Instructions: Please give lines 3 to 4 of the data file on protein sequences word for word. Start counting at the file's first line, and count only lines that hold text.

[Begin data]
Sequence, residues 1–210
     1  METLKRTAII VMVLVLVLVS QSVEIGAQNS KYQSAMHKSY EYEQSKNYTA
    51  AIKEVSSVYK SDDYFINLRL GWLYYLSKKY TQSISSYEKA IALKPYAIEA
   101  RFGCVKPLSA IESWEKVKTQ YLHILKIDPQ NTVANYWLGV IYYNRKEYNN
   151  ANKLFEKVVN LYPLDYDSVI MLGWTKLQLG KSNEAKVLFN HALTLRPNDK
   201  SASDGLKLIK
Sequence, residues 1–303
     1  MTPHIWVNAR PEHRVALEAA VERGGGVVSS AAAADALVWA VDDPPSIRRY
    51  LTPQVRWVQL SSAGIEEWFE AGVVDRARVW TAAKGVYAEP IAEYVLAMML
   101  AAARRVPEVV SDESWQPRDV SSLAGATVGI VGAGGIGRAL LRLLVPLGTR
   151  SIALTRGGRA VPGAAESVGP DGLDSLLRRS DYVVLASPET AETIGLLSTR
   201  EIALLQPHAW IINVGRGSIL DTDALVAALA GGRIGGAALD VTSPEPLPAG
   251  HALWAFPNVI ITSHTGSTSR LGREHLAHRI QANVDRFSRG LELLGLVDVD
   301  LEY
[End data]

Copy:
    51  AIKEVSSVYK SDDYFINLRL GWLYYLSKKY TQSISSYEKA IALKPYAIEA
   101  RFGCVKPLSA IESWEKVKTQ YLHILKIDPQ NTVANYWLGV IYYNRKEYNN